5 Strategies for Living Gluten-Free

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By Justine Dowd, PHd. 

Recent research suggests that despite the benefits of following a nutritious gluten-free diet for people with celiac disease1,2, adherence to a gluten-free diet ranges from 42% to 91% 3. So you are not alone if you have been diagnosed with celiac disease but aren’t currently following a strict gluten-free diet. The good news is that research shows that people can learn how to follow a gluten-free diet4!

What strategies can I use to help me change my diet?

We know that one of the most important parts of changing behavior is being able to self-regulate (that is – self-manage or self-control your behavior)5,6. Self-regulation involves 5 parts; self-monitoringgoal-setting, developing coping strategies and action plans, and giving yourself feedback. Read the information below, download and complete the Behaviour Change worksheet to help you get on track to successfully follow a nutritious gluten-free diet!

  1. Self-monitoring 

    Involves tracking your behaviors so you can become aware of what you are currently doing (or not doing!).

    • Using the self-monitoring guide in the behavior change worksheet you can track what you eat over the next week. This will help you become aware of if and/or when you eat gluten and identify patterns about when you might eat gluten.
  2. Goal-setting 

    Is important because it gives you something to strive towards and a standard to measure your progress. Make sure to set goals that follow the SMARTI guide: Specific, Measurable, Action orientated, Realistic, Time frame, and Important to you.

    • For example, your goal might be to: Consume a balanced, nutritious, strict gluten-free diet at every meal over the next week.
  3. Coping strategies 

    Help you overcome barriers to achieving your goals. Start with identifying barriers that are relevant to you and come up with strategies to overcome each barrier.

    • For example, to overcome the barrier of not knowing if an ingredient is gluten-free, you might decide to purchase a resource, such as the pocket dictionary from the Canadian Celiac Association.
  4. Action plans 

    Helps you turn your goals (or your intentions) into reality. In order to change your diet, make sure to plan out meals and snacks for the next week, create reminder notes, and a grocery shopping list to help you stay on track.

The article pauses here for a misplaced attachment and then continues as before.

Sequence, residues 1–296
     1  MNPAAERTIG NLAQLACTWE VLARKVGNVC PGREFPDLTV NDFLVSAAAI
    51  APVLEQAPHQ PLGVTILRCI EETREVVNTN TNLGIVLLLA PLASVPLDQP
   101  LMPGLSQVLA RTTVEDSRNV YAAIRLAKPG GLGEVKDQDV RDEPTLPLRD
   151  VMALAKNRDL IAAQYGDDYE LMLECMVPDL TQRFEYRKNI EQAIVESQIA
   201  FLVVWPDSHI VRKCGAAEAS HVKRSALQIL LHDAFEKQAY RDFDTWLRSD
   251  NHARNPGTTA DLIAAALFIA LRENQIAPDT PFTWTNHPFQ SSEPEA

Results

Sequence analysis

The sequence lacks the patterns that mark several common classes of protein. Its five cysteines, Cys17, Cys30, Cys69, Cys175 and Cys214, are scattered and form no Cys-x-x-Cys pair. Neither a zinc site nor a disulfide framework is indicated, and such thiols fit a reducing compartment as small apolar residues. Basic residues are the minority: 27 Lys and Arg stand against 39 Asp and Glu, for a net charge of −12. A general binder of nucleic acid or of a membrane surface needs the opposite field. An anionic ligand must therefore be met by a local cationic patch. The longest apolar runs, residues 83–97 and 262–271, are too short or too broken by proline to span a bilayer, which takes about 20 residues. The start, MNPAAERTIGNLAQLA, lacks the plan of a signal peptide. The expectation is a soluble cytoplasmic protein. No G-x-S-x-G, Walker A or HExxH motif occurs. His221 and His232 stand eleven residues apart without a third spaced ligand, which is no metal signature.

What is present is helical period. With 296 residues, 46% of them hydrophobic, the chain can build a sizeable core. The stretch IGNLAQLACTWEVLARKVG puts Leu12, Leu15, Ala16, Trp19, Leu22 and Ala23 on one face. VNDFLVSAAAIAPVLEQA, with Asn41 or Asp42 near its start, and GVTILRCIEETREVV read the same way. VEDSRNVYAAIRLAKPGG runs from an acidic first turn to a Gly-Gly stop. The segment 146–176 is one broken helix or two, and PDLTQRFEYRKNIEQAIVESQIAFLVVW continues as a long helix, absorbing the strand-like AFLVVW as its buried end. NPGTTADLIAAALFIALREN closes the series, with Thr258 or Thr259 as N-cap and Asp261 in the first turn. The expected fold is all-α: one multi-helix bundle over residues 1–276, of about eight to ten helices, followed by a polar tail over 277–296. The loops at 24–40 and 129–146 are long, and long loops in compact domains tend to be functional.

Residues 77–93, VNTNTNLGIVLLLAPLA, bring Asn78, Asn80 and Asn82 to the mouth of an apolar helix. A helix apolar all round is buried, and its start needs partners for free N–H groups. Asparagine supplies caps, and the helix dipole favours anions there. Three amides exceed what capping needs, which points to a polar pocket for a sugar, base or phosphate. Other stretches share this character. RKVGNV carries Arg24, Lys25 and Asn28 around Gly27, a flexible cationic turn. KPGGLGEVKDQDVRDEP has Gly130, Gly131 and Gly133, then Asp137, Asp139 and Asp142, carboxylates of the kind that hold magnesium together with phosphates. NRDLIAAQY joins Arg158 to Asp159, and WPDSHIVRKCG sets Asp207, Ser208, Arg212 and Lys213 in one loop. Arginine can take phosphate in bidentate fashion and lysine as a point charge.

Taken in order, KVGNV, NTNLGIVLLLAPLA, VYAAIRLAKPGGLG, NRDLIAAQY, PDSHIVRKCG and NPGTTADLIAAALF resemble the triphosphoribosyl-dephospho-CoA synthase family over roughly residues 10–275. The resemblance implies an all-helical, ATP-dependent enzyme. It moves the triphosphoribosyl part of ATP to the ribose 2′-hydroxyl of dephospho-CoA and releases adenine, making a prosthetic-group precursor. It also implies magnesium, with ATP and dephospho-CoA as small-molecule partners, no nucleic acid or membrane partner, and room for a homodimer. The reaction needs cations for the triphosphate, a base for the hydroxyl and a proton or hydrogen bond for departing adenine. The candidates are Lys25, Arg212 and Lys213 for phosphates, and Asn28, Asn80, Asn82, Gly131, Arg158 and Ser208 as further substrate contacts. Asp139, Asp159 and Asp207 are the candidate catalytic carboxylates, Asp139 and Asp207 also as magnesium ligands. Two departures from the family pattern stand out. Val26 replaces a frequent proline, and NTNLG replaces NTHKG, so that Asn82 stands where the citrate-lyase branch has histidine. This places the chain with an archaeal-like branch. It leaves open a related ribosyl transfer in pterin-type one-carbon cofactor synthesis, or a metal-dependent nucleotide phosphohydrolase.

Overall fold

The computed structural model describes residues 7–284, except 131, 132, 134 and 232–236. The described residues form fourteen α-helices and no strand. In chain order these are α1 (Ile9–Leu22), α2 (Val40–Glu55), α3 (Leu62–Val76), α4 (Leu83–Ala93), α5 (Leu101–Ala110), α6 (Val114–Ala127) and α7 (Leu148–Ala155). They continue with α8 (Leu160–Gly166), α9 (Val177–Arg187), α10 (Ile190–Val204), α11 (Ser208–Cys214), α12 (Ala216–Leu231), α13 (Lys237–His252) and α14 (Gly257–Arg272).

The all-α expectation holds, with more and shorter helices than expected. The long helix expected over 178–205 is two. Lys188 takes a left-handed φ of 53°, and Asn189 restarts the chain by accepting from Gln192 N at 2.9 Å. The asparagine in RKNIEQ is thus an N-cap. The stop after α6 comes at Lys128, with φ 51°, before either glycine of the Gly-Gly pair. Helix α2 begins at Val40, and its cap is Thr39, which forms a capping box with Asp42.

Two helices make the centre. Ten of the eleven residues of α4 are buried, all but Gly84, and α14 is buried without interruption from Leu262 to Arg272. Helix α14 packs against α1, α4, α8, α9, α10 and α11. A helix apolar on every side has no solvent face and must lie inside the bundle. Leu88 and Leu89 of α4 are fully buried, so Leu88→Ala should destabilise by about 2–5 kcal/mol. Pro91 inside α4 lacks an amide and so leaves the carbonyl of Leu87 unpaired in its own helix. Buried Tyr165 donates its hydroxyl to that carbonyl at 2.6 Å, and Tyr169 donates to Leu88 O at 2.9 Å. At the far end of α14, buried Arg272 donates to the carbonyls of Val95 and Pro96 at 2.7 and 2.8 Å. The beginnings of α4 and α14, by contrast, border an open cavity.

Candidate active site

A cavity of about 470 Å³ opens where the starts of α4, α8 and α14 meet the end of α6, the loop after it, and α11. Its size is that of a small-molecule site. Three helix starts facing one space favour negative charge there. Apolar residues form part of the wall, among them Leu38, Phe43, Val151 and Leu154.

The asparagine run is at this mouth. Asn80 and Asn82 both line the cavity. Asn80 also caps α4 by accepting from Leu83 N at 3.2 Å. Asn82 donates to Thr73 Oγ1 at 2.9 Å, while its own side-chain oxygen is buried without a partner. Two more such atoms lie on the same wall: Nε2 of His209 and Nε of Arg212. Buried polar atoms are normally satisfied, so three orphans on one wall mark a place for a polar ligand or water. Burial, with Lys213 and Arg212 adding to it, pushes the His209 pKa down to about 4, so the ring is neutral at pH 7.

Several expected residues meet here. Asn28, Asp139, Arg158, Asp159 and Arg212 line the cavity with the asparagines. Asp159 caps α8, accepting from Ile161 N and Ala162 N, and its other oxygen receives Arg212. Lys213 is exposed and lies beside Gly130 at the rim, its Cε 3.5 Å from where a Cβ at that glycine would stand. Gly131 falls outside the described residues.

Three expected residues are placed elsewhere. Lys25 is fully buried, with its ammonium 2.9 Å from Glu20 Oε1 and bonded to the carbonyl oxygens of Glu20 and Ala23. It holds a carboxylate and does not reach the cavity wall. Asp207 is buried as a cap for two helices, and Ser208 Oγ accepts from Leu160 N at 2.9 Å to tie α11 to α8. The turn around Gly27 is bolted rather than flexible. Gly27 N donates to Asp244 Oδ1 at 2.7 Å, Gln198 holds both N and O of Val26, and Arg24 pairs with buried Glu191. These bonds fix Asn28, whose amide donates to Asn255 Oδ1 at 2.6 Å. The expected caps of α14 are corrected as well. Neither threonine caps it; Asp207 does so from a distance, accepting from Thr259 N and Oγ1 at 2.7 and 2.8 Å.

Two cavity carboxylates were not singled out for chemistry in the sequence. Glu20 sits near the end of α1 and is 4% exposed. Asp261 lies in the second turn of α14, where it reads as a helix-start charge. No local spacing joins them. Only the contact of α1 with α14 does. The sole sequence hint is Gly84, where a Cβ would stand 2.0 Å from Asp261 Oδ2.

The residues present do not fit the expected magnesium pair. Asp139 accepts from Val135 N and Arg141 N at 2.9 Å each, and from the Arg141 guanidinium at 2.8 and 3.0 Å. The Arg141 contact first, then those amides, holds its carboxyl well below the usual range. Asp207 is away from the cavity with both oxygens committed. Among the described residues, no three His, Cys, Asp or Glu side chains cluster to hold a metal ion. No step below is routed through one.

• Using the action planning guide in the behaviour change worksheet you can create a meal plan for the next week.
  5. Feedback

    Every week it is important to look over your plan and think about what worked and what could be improved. The goal is to create a plan that works for you and your family!

Want to try using these strategies to help you change your diet (or any other behaviour!)? Download this Behaviour Change worksheet. If you have any questions please email me.


Norström, F., Sandström, O., Lindholm, L., & Ivarsson, A. (2012). A gluten-free diet reduces symptoms and health care consumption in a Swedish celiac disease population. BMC Gastroenterology, 12, 125.
Guandalini, S., & Assiri, A. (2014). Celiac disease: A review. Journal of the American Medical Association, Advanced online publication. doi:10.1001/jamapediatrics.2013.3858
Hall, N. J., Rubin, G., & Charnock, A. (2009). Systematic review: Adherence to a gluten-free diet in adult patients with coeliac disease. Alimentary Pharmacology & Therapeutics, 30(4), 315-335.
Sainsbury, K., Mullan, B., & Sharpe, L. (2013). A randomized controlled trial of an online intervention to improve gluten-free diet adherence in celiac disease. American Journal of Gastroenterology, 108, 811-817.
Bandura, A. (1991). Social cognitive theory and self-regulation. Organizational Behavior and Human Decision Processes, 50, 248-287.
Luszczynska A, Gibbons FX, Bettina F. (2004). Self-regulatory cognitions, social comparison, and perceived peers’ behaviors as predictors of nutrition and physical activity: A comparison among adolescents in Hungary, Poland, Turkey, and USA. Psychological Health, 19, 577- 593.